Sabbagh Lecture - 'The New Arab Man: Emergent Masculinities, Technologies and Islam in the Middle East'
Since Sept. 11, 2001, Arab men have been particularly vilified as terrorists, religious zealots and brutal oppressors of women.
Against this backdrop of neo-Orientalist representation, Marcia C. Inhorn, the William K. Lanman Jr. Professor of Anthropology and International Affairs at Yale University, presents a humanizing portrayal of ordinary Middle Eastern men as they struggle to overcome their infertility and childlessness. Contrary to popular expectations, male infertility is more common than female infertility in the Middle East, and many Middle Eastern men are engaged in high-tech forms of assisted reproduction. In today's Middle East, men are rethinking their "Islamic masculinities" as they undertake transnational quests for conception out of devotion to the wives they love. In forwarding the trope of "the new Arab man," Inhorn questions taken-for-granted assumptions about Middle Eastern men as men in an era of emerging science and technology.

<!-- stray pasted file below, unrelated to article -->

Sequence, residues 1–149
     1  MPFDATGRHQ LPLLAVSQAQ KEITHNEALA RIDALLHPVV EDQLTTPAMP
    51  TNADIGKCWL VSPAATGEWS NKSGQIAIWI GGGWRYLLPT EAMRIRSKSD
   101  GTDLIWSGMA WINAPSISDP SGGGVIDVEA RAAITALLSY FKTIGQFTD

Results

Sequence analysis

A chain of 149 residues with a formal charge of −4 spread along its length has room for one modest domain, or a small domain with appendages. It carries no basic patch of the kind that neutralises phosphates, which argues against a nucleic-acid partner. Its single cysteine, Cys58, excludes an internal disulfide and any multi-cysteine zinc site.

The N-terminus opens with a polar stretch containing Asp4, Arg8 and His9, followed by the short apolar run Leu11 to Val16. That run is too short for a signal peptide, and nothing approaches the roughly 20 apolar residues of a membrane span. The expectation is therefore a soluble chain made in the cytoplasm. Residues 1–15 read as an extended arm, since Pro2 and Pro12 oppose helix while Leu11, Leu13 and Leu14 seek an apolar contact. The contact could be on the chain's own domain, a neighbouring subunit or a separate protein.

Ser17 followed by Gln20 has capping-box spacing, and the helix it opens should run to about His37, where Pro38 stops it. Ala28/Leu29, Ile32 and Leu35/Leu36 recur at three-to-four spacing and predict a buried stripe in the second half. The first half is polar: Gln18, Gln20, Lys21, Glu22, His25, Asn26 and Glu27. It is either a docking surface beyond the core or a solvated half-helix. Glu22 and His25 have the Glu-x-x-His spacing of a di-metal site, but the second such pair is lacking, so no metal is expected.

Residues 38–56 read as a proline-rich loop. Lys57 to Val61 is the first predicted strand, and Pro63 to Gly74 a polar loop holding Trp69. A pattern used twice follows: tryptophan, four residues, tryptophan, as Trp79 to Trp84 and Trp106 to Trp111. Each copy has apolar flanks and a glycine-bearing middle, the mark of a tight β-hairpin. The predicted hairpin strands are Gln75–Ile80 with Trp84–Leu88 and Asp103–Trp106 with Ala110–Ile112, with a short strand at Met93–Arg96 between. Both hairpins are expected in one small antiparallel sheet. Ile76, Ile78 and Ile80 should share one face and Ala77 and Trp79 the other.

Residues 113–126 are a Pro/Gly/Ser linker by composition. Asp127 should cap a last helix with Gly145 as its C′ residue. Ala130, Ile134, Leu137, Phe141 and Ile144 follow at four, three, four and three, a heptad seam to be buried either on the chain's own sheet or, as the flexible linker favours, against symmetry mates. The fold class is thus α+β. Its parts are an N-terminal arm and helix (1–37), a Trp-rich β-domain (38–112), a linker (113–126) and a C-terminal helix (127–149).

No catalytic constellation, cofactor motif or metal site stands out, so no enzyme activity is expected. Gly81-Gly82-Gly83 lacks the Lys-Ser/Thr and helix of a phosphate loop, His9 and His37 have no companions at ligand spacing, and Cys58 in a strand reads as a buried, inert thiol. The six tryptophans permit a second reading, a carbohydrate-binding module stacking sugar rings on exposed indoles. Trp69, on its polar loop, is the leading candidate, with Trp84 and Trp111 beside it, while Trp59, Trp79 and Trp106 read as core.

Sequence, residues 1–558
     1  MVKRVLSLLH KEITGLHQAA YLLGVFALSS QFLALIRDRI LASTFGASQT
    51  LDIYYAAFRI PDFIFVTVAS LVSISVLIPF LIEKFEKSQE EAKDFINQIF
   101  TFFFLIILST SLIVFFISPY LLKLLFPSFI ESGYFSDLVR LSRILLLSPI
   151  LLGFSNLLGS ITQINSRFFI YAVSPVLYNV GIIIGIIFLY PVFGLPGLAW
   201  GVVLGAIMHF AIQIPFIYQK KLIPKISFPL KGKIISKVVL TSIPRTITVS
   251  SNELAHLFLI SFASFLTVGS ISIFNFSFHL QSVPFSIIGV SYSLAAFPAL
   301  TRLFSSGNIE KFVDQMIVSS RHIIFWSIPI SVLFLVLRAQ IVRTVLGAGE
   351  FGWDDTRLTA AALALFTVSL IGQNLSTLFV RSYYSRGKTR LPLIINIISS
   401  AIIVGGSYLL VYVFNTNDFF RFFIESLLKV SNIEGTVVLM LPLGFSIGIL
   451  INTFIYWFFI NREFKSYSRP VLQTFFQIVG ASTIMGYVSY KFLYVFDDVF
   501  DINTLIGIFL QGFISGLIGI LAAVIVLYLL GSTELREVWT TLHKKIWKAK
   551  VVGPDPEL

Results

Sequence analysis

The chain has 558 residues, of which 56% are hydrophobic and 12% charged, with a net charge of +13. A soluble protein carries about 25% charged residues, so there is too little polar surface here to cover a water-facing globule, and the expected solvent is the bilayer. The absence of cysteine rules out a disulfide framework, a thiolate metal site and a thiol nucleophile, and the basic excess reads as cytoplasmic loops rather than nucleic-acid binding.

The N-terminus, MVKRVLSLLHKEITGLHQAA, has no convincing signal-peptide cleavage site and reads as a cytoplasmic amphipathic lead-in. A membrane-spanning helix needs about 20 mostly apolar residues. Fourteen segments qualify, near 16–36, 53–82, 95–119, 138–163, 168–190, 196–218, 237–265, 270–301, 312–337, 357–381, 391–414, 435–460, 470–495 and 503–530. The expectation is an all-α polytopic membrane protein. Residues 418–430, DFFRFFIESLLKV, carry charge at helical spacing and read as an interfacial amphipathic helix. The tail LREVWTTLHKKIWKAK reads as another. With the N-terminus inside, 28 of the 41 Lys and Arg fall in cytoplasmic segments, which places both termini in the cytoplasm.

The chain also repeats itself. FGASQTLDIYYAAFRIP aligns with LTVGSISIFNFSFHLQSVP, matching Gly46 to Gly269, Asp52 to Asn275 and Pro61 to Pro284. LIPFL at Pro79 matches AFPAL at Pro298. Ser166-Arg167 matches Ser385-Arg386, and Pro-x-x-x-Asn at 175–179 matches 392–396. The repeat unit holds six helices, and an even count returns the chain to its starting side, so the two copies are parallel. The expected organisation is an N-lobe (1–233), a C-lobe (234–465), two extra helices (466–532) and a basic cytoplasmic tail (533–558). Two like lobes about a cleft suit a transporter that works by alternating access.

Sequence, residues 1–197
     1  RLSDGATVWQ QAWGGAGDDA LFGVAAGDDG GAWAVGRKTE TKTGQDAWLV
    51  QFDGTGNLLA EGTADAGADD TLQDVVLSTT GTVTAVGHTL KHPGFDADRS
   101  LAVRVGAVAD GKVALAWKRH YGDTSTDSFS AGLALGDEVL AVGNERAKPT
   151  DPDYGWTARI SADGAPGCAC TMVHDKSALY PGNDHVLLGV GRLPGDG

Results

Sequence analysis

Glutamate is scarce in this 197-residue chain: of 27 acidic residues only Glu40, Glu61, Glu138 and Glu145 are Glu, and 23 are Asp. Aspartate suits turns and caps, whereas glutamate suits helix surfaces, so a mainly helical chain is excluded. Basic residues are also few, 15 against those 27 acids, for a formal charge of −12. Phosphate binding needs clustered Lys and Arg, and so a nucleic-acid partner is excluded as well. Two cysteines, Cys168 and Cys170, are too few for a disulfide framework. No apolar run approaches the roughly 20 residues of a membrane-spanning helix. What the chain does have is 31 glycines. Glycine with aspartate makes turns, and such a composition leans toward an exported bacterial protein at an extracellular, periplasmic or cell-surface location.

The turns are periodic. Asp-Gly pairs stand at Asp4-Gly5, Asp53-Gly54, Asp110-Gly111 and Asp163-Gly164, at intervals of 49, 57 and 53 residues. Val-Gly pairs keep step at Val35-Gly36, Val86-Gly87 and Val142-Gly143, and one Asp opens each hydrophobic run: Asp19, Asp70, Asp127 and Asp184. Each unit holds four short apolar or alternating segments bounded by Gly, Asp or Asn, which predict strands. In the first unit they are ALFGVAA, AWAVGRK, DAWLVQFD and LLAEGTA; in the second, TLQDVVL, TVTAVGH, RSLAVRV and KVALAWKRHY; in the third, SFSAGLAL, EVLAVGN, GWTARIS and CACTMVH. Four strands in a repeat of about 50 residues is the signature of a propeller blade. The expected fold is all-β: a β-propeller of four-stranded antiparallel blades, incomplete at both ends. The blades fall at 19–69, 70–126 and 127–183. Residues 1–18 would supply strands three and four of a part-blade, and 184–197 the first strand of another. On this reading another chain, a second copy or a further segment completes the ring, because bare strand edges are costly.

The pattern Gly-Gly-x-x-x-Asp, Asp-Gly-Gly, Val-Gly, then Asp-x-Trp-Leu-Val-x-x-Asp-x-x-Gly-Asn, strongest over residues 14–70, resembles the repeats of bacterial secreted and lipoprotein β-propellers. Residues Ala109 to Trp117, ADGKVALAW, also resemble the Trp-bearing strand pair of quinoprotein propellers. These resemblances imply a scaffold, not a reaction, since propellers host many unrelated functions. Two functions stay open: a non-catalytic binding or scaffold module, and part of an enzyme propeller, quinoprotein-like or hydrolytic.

The Sabbagh Lecture is presented by the UA School of Anthropology through the generosity of Tucsonans Entisar and Adib Sabbagh. The Sabbaghs have sponsored the series for 21 years.